A 79-year-old man was found unconscious in bed by his son and transported by ground ambulance to the emergency room of our hospital one winter evening. The patient was estranged from his children, lived alone in a large garage, and drank habitually every day. On admission, the patient was in a deep coma with a Glasgow Coma Scale score of 3 (E1V1M1). His pupils were round and 2 mm in diameter bilaterally. They reacted briskly to light. There was no tremor, no chorea, nor increased muscle tone in extremities with normal range of joint motion. His body temperature was 36.5 degrees Celsius, his blood pressure 147/78 mmHg, his pulse 62 beats per minute, his respiratory rate 18 breaths per minute,and his oxygen saturation 99% while breathing ambient air. An electrocardiogram showed normal sinus rhythm, at a rate of 50 beats per minute. Inspection revealed decubitus in the back and the buttocks as well as incontinence. The arterial blood gas analysis under ambient air showed normoxia and normocapnia. His plasma glucose was 131 mg/dL (reference range, 70-110 mg/dL), his blood level of carbon monoxide (CO) was 1.2 % (< 2%), and his blood ammonium concentration was 43 µg/dL (< 66 µg/dL). The remainder of his blood examination included inflammation values including 6.60 mg/dL of C-reactive protein (< 0.14 mg/dL) and 6505 IU/L of creatinine phosphokinase (59-248 IU/L).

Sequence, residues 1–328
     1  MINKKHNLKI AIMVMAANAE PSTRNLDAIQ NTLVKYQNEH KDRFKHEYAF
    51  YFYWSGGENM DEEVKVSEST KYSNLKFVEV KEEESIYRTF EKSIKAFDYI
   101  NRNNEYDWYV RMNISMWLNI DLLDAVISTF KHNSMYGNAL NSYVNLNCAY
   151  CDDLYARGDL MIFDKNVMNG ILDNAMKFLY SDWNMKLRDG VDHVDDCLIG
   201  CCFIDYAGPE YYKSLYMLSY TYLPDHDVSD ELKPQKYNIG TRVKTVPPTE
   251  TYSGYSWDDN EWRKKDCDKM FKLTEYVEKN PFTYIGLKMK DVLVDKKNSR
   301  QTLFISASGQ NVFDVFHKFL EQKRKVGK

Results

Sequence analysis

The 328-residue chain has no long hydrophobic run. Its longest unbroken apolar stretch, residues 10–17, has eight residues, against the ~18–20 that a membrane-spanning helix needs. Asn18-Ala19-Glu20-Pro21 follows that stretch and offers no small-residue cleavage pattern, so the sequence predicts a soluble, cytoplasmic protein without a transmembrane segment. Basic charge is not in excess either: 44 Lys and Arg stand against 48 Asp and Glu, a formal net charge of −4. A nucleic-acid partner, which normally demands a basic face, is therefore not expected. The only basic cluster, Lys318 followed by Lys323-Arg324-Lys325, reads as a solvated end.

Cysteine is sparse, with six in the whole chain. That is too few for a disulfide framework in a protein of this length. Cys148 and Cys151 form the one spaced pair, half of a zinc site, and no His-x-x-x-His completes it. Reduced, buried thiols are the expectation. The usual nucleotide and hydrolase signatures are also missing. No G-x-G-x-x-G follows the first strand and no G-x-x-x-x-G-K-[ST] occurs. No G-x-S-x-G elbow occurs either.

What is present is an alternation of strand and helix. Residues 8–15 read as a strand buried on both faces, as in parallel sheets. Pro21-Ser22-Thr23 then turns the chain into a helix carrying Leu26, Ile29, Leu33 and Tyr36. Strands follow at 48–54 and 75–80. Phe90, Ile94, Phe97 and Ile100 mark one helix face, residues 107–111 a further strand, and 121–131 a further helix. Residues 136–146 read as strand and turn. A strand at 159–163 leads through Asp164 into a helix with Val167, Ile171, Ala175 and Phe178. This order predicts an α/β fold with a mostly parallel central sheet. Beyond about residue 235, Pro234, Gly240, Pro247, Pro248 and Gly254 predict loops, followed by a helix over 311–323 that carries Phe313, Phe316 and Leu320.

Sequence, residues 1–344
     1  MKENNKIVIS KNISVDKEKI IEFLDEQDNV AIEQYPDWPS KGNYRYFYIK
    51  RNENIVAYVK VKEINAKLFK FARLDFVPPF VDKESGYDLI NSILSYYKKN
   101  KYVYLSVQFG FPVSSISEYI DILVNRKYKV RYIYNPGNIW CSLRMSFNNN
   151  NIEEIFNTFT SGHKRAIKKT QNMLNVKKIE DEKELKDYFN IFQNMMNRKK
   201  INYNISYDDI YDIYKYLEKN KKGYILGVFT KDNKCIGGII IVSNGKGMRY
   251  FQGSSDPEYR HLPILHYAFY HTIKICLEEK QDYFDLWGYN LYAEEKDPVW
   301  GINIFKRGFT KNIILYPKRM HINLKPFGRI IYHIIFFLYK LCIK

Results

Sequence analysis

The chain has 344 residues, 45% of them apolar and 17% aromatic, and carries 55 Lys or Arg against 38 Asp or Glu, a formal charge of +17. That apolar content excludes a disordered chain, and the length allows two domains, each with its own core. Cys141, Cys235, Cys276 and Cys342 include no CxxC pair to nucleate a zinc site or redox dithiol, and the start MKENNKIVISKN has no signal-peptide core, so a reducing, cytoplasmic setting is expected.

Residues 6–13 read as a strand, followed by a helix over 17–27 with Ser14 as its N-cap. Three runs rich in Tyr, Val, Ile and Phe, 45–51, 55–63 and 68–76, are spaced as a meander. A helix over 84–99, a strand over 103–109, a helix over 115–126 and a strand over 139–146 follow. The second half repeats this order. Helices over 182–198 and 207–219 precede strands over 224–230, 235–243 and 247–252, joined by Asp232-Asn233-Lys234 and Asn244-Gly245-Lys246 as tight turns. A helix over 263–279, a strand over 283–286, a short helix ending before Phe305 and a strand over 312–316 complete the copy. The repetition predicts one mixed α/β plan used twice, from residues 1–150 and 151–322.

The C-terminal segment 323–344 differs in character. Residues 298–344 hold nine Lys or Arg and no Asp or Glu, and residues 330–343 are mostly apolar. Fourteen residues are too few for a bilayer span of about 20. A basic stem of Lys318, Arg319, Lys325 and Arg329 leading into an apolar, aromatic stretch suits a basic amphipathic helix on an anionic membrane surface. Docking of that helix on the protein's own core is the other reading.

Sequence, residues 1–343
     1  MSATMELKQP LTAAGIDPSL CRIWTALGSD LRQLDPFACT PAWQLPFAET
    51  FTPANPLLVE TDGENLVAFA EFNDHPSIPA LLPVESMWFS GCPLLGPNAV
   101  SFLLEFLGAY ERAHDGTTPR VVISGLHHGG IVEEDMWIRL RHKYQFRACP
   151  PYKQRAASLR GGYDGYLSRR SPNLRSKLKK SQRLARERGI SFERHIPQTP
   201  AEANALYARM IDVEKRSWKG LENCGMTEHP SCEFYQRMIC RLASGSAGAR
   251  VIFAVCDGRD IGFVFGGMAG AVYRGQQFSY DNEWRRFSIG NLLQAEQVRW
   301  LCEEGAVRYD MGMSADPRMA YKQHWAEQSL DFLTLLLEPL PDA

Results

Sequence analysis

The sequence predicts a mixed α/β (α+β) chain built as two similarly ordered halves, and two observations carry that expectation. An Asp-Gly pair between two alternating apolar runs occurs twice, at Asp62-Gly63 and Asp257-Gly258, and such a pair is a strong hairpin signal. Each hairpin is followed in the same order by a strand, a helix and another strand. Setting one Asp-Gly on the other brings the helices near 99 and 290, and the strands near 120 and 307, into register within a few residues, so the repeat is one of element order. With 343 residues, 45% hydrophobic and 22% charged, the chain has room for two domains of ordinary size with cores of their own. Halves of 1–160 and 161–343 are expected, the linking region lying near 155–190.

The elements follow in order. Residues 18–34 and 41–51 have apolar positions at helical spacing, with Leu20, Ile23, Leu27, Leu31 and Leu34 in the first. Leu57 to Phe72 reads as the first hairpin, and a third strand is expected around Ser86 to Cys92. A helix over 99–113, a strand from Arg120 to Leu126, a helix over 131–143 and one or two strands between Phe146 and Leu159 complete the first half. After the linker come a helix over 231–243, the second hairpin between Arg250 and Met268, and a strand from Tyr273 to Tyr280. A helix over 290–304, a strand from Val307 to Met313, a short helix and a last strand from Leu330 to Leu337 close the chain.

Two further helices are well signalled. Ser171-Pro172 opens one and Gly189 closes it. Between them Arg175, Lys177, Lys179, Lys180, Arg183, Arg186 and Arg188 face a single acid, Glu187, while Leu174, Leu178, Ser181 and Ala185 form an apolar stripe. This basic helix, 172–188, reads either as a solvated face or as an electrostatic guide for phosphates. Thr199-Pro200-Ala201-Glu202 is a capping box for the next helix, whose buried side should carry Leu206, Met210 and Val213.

His available medical history was limited. Once his level of consciousness was determined, a careful check for hints as to the cause of the alteration in level of consciousness was undertaken. A brain computed tomographic (CT) scan without contrast medium showed bilateral hypodensity of globus pallidus, despite a diffusion-weighted image (DWI) obtained 7 months before admission showing normal anatomical findings (Figure 1A & 1B).